As far as I am aware, there is no empirical research about addiction to solitaire, and I’ve never come across a published case study. However, I have mentioned solitaire in a number of my papers over the years, but all of them were in my critique of Kimberley Young’s taxonomy of the different types of internet addiction. Young claimed there were five different types of internet addiction (cyber-sexual addiction, cyber-relationship addiction, net compulsions, information overload and computer addiction).
In a number of my publications in journals such as the Student British Medical Journal (1999), Addiction Research (2000), and the International Journal of Mental Health and Addiction (2006), I argued that the typology was flawed and that most of the examples Young provided were addictions on the internet, not addictions to the internet (and echoing my assertion that individuals are no more addicted to the internet than alcoholics are addicted to bottles).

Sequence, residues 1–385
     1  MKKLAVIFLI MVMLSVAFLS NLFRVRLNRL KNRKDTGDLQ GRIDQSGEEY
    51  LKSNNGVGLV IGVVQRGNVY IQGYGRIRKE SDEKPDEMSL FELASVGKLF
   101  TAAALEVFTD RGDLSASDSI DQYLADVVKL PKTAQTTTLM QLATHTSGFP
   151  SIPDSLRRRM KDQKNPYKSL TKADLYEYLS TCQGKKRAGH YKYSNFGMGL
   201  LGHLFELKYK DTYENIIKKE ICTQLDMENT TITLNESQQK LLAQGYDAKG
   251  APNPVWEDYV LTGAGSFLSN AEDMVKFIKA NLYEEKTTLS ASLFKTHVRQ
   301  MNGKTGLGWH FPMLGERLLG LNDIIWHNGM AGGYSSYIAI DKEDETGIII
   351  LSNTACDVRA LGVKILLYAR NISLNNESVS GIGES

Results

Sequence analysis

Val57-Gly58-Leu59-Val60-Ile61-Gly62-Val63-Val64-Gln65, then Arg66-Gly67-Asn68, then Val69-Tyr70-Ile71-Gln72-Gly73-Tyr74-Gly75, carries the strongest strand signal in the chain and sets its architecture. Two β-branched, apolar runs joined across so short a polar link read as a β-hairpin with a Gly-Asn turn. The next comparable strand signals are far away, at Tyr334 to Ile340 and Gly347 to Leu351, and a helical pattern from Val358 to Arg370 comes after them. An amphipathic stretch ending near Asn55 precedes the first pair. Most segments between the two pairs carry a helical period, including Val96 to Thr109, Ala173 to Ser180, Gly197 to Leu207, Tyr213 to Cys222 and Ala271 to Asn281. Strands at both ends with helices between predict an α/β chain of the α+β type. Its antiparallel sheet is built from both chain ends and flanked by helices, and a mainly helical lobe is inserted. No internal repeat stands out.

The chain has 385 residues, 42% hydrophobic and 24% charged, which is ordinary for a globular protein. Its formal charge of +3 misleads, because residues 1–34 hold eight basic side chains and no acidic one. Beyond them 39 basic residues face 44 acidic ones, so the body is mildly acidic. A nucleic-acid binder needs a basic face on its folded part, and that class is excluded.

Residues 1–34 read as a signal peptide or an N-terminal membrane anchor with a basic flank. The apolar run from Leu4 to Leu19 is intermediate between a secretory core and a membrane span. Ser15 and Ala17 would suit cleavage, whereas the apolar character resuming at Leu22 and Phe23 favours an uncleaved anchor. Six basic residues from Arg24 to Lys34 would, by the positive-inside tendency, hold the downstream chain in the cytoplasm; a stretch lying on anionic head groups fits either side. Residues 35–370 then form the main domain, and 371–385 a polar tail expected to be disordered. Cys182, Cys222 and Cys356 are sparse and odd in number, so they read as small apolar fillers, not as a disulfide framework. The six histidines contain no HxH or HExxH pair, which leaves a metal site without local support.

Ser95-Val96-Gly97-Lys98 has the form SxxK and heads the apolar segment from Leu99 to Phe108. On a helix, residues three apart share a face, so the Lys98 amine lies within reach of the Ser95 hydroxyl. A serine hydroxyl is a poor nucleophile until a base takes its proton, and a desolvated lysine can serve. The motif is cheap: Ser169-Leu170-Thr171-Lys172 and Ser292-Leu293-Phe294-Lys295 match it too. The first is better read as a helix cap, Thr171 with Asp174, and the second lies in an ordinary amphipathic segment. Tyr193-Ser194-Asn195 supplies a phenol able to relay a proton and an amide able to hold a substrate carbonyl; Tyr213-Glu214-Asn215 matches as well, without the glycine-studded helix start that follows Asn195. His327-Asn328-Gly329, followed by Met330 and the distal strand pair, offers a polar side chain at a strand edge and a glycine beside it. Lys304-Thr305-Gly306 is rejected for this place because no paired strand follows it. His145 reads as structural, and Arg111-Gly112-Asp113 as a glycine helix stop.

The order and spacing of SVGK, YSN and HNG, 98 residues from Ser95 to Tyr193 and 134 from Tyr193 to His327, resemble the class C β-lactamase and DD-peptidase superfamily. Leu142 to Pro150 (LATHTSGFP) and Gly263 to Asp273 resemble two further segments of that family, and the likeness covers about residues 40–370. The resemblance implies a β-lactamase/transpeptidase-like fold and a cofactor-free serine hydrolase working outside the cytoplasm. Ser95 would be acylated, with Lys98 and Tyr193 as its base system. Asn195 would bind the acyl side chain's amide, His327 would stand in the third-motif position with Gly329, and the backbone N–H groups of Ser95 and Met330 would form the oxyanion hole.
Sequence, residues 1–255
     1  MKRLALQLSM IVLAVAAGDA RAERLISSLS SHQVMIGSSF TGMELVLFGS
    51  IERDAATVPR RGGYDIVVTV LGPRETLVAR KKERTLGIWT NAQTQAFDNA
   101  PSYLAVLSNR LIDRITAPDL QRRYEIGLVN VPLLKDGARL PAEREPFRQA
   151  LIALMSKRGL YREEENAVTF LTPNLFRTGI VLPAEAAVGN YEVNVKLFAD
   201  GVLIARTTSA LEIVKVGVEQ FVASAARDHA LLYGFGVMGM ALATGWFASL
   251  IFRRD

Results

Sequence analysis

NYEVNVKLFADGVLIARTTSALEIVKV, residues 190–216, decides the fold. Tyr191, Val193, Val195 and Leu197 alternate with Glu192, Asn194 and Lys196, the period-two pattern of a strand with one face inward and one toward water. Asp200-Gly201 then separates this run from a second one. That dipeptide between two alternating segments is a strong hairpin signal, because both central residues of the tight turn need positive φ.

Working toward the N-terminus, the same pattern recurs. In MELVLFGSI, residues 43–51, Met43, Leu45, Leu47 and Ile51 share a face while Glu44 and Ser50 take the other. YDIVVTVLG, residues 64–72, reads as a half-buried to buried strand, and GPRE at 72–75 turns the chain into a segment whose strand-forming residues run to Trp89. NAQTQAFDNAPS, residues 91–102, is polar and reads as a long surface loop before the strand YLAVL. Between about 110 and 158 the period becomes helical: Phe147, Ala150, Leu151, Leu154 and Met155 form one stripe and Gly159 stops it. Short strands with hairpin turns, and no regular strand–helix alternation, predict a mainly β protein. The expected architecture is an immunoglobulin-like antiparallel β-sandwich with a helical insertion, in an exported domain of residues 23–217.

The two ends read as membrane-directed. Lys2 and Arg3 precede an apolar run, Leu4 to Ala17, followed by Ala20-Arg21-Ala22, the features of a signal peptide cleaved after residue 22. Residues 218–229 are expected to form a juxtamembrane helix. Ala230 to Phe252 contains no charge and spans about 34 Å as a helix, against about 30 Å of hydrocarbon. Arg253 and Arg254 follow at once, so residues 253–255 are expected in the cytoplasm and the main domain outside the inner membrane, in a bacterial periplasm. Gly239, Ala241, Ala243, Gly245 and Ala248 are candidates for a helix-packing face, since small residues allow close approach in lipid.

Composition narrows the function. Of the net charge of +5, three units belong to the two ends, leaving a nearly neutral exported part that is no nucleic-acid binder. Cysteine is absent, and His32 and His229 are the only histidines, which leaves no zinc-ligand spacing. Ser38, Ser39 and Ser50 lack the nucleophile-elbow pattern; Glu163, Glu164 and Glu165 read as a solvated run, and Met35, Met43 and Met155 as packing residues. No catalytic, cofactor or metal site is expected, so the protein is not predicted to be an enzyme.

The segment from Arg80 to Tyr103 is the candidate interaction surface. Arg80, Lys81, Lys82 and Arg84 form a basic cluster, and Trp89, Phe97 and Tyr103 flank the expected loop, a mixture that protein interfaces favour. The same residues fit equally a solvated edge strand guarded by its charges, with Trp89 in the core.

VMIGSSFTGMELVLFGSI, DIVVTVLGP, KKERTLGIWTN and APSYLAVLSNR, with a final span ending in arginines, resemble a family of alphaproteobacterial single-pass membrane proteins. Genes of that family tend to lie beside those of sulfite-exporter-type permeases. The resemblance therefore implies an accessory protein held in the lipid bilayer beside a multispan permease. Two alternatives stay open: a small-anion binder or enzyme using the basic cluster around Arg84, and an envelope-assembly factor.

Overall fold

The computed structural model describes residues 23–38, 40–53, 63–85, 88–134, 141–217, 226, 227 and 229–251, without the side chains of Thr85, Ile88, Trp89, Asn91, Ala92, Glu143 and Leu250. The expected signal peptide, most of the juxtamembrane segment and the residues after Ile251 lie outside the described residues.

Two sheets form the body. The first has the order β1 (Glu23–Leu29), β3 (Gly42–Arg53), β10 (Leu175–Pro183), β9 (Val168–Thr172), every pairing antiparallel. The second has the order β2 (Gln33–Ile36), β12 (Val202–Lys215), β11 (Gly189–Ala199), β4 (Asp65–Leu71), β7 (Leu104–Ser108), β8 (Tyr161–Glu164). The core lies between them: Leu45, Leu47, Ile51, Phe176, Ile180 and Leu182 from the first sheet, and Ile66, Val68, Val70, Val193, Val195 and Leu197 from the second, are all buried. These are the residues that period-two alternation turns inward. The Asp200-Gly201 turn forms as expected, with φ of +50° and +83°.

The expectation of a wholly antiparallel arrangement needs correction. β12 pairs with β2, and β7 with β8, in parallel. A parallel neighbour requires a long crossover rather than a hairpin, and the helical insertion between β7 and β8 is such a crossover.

The reference to solitaire was in relation to Young’s final type of internet addiction—"computer addiction." One of her examples of computer addiction as the playing of solitaire on computers. (I found this strange particularly because the example didn’t even rely on being on the internet—it was merely about individuals being addicted to playing solitaire on computers and laptops). Young never provided any empirical evidence that she had ever met or treated anyone with an addiction to solitaire, just that being addicted to solitaire would be classed as a computer addiction in her typology.